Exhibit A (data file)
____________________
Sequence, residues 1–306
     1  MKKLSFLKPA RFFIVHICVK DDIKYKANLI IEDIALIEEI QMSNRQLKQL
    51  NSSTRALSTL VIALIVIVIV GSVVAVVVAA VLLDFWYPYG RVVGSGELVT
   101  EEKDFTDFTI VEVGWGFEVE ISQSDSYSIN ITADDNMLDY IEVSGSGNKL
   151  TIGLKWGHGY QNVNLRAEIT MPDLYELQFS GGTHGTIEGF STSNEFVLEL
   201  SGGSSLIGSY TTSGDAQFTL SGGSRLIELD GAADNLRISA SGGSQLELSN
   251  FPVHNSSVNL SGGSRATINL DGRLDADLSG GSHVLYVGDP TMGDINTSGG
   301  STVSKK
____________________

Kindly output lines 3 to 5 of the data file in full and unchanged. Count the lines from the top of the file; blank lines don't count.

    51  NSSTRALSTL VIALIVIVIV GSVVAVVVAA VLLDFWYPYG RVVGSGELVT
   101  EEKDFTDFTI VEVGWGFEVE ISQSDSYSIN ITADDNMLDY IEVSGSGNKL
   151  TIGLKWGHGY QNVNLRAEIT MPDLYELQFS GGTHGTIEGF STSNEFVLEL